February 14, 2011

I met up with John today. We didn’t really do anything too productive for my senior project. Today was, I suppose, a sort of “introduction” day. He wanted me to grow comfortable with walking around his company building and introduce myself to some of his friends/workmates. I learned today that working for a successful internet company has its perks! We started the day by taking a tour around his office. I was fortunate enough to get a good feel around the office. I thought it was amusing – most of the employees there seemed like total “nerds”. There were life-sized lego statues and a lot of people walking around with thin-rimmed glasses. I felt like I was surrounded by a bunch of geeks with pocket protectors and silly novelty ties – my mentor included. What I loved most about visiting John’s workplace was that face that people there seemed so comfortable with being themselves. It was really refreshing. At the end of the day, I was really happy with my choice of project mentors.

February 20, 2011

Like I established before, my project theme is very unique, in my opinion. Coming up with a volunteer site relevant to my project seemed quite difficult. Luckily, I found my way around the subject. I came to my teacher ahead of time with this proposition – since my project is about spreading good things through the internet, I thought that maybe I could just do that. So, I got it approved. For my community service hours, I’ll be joining a non-profit organization and making videos about my experiences at the site and the benefits of volunteerism as well as environmentalism (I’ll be working at a very pro-earth organization). I really cannot wait to get started. All of this seems so over-whelming, yet I’m having the greatest time!

February 25, 2011

I’ve learned quite a bit from my project mentor. I was able to speak to him over Skype and interview him for a few minutes. I’ve basically learned about the foundation of his company, what his job is about, and any other basic knowledge that he has about internet sharing. After this quick interview, I thought for a long time about what to do for the research paper. At first, I was a little nervous about starting this paper. I looked over some sample papers (i.e. Lauren Eberle) and they seemed really long and thought through. But, then I thought about it again, and read over the papers a second time. I had realized that these papers were pretty much just retained information! There really isn’t that much effort put into these papers except looking up the information, retaining the information, and spitting it all out in your own words across 6 pages of paper. Pretty simple, yet pretty tedious. Though I’m not looking forward to sitting down and doing research for hours and hours, I’m not worried about the paper either. Plus, with a project like mine, it shouldn’t be too hard to find something to write about.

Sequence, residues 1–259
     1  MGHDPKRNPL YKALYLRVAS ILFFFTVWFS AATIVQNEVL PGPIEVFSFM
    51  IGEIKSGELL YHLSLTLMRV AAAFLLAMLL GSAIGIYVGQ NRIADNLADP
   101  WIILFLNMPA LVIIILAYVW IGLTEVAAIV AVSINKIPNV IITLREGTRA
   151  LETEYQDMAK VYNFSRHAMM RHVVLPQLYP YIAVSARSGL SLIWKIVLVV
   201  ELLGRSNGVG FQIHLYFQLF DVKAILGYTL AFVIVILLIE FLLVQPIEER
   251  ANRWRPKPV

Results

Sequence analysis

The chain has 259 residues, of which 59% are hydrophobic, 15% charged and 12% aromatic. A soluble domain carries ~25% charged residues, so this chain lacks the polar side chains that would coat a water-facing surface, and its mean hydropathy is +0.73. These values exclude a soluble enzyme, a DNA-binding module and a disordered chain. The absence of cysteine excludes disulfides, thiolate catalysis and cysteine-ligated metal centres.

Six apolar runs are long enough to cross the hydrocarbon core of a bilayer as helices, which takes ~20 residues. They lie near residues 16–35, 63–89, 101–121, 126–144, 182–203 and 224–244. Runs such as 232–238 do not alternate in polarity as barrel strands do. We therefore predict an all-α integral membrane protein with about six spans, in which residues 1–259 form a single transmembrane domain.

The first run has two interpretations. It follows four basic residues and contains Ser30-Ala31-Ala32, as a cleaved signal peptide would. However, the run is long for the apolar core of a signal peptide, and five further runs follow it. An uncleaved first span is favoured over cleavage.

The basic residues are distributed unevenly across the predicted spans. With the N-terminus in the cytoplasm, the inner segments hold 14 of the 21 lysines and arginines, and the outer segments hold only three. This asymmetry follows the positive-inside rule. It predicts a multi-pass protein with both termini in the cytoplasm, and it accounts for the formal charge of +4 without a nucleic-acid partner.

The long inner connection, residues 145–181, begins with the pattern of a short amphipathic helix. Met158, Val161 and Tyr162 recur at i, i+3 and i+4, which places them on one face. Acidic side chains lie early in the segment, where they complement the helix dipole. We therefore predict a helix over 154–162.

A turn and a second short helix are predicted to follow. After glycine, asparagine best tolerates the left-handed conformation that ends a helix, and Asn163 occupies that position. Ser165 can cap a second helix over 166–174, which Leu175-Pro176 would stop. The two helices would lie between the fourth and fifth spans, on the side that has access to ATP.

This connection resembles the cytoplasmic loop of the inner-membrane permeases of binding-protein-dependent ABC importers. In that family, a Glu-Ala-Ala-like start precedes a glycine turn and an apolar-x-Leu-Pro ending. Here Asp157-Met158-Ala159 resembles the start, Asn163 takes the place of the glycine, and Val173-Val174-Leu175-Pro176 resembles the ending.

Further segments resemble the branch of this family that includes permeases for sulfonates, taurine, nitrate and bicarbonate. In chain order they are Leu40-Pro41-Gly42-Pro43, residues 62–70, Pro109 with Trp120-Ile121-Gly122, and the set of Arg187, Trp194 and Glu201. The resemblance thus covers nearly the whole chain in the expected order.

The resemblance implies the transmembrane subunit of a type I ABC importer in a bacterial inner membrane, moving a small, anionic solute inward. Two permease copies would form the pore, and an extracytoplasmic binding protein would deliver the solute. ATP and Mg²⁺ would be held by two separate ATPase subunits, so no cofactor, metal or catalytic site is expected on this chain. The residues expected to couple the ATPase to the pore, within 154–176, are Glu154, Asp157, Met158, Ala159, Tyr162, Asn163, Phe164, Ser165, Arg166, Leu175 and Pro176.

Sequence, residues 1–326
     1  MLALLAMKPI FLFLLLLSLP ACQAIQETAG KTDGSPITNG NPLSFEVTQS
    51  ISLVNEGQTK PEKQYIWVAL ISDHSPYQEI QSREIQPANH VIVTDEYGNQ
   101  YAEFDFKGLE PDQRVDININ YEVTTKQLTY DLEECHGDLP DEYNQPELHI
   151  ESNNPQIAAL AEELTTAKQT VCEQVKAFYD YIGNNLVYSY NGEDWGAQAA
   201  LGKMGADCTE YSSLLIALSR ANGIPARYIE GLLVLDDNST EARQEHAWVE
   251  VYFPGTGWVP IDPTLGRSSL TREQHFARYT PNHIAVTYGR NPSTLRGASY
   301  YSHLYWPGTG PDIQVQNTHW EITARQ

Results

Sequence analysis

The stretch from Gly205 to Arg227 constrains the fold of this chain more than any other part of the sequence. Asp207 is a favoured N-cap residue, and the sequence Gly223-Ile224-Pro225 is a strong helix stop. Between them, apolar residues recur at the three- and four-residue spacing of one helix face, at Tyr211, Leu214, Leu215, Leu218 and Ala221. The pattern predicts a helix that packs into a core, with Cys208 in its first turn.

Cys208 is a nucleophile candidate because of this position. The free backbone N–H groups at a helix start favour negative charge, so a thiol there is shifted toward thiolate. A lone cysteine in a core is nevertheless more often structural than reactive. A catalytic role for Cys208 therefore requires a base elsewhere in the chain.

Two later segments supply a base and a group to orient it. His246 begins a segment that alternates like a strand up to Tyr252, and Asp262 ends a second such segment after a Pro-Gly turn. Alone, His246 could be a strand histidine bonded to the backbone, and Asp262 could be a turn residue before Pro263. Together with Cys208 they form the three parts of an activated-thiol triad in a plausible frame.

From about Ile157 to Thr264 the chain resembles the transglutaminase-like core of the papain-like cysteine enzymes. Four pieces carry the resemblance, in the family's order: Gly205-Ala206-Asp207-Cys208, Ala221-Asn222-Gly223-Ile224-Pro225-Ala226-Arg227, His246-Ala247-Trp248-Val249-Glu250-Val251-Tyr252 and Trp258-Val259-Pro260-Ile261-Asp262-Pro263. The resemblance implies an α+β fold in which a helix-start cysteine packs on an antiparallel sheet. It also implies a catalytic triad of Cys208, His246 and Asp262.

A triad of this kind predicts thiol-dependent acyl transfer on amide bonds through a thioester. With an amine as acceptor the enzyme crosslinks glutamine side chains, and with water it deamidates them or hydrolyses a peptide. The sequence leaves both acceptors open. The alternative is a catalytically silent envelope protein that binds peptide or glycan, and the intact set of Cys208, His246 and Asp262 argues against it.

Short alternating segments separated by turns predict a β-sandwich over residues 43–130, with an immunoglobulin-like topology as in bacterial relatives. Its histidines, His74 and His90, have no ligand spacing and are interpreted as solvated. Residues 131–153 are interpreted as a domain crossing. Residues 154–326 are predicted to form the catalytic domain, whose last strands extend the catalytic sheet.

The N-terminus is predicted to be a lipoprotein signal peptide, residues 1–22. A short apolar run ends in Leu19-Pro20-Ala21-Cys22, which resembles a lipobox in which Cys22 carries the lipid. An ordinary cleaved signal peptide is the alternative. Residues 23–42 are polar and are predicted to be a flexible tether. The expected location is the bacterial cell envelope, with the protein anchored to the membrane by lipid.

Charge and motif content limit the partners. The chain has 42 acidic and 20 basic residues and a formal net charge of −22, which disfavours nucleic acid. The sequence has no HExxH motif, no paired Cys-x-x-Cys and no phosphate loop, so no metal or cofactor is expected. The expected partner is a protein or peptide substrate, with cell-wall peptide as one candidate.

It may seem scary at first, but the senior project really isn’t something any senior should be nervous about. Through my experiences explained above, it’s easy to see that it really takes to have a successful project is a lot of dedication. If you focus, follow instructions carefully and NEVER procrastinate, you’ll be able to push through this with flying colors.  

Senior Ball: Con

March 11, 2011 Leave a comment

By RJ Refuerzo

The key word: expectations. All year, we idealize this night to impossible proportions, tragically becoming victims of our own imagination. As a result, this year’s event is struggling to even begin to satisfy the expectations with its limited budget. All year, fundraisers have been planned and events scheduled, yet the lack of interest has defeated all efforts. I know I speak for them when I say how frustrating it is for so many people to expect so much while doing so little.

El Camino is a campus of tradition, which in this case is a fancy way of saying “we have to buy in, or else people will think we don’t care about El Camino’s history.” This creates tension between classmates, promoting competition to impress onlookers. And the costs! This year senior not only have to pay only for excessively pricy Ball Bids, but for attire, transportation, and everything tied to finding a date as well?

Thoughts of Senior Project, AP Exams, and finals inhibiting your ability to find your dream date? The easy fix is to not go! Ball’s notorious for breaking hearts, but no one ever talks about the shattered friendships over the night’s expectations, because what’s fun for one simply isn’t for others. Don’t bother with the ludicrous financial, emotional and psychological risks. People are best off having a blast with their companions elsewhere. The rest of the world is waiting to be owned.

The impossible expectations, outrageous costs, and physical and psychological stress make for a recipe of disappointment. All things considered, a ridiculous sum of money is dropped on FIVE HOURS, and even if someone can somehow shovel that guilt to the back of their mind the entire night, one still needs to contend with all of the drama. Besides its attendees, the only thing feeling more empty inside during Ball will be your wallet.